Alcohol and Panic Attacks

Alcohol and Panic Attacks

Self help resource for sufferers of Panic, Anxiety and Depression.

Alcohol and Panic Attacks
Alcohol and Panic Attacks

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Within these pages you will find articles, reviews & resources concentrating on self help for Sufferers of Anxiety, OCD, Depression  & Panic Attack Disorders

 
Connection between Alcohol and Panic Attacks


Many experts believe and also agree that there is a strong link between drinking alcohol and panic attacks. This is not to say that the attacks can be brought on by alcohol alone however.


This is not to say that the attacks can be brought on by alcohol alone however. The disorders themselves often have stress related illnesses or hereditary factors which form the basis of the attack, however it is believed that alcohol is often used regularly by some sufferers of panic and anxiety, which in turn can turn the disorder into a larger issue.


The use of alcohol in relation to these sufferers can manifest in a greater number of attacks that person may encounter. In the paragraphs to follow we delve deeper into the reasons why most medical professionals are agreed on the theory that those who suffer with these disorders should cut alcohol out of their routine.


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Alcohol and Panic Attacks

There are many products which aim to relieve the symptoms of panic and anxiety, some of them medications (from your GP or across the counter), some of them more natural (self help courses and meditation techniques). The main issue is however than none of them work as well and as expediently as alcohol does. This given, for many of those who suffer symptoms, alcohol and panic attacks are common bedfellows. Treating the panic and anxiety in this way however will only serve to increase the amount and also the severity of any future attacks, as the dependency increases. In short panic attacks and alcohol do not mix.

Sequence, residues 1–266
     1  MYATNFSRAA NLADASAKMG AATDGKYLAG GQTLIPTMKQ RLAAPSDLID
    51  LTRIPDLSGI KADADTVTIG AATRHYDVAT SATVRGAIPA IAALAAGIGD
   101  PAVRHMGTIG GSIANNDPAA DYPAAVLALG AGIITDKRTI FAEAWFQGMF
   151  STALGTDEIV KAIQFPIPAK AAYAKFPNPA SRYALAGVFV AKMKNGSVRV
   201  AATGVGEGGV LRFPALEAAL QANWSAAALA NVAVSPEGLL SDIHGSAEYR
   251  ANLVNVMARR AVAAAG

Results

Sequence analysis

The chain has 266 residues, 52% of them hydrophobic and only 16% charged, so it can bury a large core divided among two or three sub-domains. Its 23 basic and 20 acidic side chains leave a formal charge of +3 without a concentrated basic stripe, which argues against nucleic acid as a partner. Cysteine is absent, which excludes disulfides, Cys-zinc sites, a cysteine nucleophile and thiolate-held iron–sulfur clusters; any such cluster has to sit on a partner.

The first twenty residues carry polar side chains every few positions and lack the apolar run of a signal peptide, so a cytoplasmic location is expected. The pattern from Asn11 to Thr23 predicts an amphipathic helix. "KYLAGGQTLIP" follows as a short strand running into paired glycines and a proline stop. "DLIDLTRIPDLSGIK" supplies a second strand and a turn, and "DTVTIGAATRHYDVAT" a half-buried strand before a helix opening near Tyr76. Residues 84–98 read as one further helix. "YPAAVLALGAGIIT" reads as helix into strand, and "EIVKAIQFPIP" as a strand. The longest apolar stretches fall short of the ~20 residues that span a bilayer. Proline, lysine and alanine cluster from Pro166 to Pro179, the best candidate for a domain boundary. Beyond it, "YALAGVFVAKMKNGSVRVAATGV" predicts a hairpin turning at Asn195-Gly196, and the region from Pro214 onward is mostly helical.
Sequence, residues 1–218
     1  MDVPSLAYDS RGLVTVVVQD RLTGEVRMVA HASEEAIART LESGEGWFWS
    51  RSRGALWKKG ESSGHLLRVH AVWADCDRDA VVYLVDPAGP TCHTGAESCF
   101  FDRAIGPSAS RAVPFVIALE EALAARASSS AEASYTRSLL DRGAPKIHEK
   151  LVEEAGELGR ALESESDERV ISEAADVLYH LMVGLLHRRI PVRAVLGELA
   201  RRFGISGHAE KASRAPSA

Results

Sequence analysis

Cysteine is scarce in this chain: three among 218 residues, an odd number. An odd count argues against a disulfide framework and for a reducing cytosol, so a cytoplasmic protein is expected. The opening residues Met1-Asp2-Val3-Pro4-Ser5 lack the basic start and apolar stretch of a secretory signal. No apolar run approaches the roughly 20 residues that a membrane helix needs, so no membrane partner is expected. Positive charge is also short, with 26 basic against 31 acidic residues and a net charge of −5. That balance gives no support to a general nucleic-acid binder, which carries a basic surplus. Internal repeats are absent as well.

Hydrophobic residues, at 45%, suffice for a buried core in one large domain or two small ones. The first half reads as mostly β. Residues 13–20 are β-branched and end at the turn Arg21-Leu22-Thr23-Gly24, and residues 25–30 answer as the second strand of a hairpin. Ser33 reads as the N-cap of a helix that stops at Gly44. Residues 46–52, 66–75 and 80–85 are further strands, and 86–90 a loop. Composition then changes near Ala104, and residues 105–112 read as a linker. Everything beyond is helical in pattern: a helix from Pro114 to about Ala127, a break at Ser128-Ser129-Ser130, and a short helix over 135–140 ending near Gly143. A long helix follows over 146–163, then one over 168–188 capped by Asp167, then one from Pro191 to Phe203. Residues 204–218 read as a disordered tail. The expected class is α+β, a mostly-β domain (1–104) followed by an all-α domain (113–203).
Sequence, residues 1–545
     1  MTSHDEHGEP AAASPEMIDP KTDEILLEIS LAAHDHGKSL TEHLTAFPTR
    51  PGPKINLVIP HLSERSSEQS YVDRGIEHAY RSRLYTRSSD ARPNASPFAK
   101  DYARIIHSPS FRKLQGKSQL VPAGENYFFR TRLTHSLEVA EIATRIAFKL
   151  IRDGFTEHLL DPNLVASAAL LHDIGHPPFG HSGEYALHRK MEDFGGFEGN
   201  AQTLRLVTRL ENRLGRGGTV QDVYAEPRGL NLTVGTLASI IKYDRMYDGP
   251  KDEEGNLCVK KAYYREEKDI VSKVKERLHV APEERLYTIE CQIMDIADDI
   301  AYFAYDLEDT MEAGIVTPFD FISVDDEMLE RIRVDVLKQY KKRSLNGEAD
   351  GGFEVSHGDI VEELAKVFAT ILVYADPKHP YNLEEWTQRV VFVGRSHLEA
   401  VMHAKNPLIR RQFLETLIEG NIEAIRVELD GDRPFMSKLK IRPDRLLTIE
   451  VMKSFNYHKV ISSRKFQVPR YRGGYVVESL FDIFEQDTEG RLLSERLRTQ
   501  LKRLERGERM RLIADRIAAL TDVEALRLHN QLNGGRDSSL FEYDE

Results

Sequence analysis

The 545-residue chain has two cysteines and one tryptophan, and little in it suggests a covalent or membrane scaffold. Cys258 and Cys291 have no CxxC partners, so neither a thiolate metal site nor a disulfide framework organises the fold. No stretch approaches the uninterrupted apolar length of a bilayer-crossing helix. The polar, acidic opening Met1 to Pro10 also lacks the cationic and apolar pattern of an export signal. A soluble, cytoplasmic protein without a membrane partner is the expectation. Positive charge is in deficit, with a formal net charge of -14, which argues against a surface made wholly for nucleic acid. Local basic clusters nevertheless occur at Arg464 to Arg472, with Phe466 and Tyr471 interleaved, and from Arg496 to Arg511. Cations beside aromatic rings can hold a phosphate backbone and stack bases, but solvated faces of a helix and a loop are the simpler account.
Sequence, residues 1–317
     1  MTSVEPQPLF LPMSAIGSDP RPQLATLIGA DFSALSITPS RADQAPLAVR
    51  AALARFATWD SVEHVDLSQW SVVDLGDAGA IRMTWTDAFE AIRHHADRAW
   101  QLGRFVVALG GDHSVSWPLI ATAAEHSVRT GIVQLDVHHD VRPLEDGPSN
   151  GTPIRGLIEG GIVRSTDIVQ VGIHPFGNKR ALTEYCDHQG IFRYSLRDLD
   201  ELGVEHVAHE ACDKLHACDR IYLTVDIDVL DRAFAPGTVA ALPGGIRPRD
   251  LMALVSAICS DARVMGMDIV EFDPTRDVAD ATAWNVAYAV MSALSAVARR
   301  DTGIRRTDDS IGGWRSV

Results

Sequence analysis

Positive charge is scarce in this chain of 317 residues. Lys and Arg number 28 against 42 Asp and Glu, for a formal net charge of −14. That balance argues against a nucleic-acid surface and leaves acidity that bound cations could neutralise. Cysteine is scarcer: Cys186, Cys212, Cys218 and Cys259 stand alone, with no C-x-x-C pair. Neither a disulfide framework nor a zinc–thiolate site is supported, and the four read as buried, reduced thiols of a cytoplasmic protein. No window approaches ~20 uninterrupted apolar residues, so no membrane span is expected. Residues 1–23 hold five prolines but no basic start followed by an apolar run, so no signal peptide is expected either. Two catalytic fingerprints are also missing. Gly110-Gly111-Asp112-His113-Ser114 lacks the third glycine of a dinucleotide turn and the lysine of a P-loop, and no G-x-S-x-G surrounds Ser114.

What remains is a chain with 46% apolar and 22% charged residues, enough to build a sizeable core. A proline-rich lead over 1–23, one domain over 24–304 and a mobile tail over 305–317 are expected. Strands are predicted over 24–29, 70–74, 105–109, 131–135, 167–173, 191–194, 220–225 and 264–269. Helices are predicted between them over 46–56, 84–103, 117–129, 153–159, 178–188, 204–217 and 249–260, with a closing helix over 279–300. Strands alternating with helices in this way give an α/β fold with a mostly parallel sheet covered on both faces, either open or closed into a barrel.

Given the above, it is then even more unfortunate that recent statistics suggest it is close to 40 percent of all people who suffer from either panic or anxiety will also be struggling to keep on top of their alcohol or substance abuse. The link between the two is a very strong one, for which there have been many in depth theories. To over simplify however - alcohol is a depressant, it is readily available and very good at its job. It will work quickly in the blood stream to provide a bogus sense of relief for the symptoms of anxiety or panic. For regular anxiety sufferers this feeling of relaxation can become addictive, so much so that when they start to feel the symptoms come on again, they repeat the process in order to banish their anxiety.


Unsurprisingly this method of treatment has its own issues and it’s important to realise that alcohol and panic disorders do not sit well together. Firstly, although the alcohol will work at speed to calm the nerves and momentarily stop the onslaught of the anxiety symptoms, it will also disappear from the body at quick pace also. Sufferers may use alcohol in the evening, and will in turn gain short term relief for their symptoms, however once the morning comes and the alcohol is no longer present in the bloodstream, the panic or anxiety may still be present and starts all over again. In most cases the symptoms will also be stronger, particularly when accompanied by a hangover. This, in turn will have sufferers reaching for the alcohol earlier and earlier during the day in an attempt to handle the symptoms of anxiety and panic. Eventually this need can become an addiction.


Another issue (and possibly a bigger issue then the above) with the paring of alcohol and anxiety, is that of tolerance. If alcohol is used by the sufferer over any length of time, their body will eventually become used to the effects which can drive them to start drinking more to get the same results that they previously benefitted from. To begin with, a couple of drinks may be enough to relax and calm the nerves but in time the body will need more and more to achieve this same state of calm. Continued and increased use can lead to addiction and also long term health problems.


To summarise - alcohol and anxiety or panic attacks, do not, and should not - go together. Whilst the short term benefits are immediate and successful, in the long term the use of alcohol to tackle these disorders can result in addiction, health problems and possible further complications to the very disorder it is trying to alleviate.


If you need relief from your panic attacks or continued anxiety, try turning to a more natural alternative. Alcohol is certainly not the solution, nor is it the way forward!







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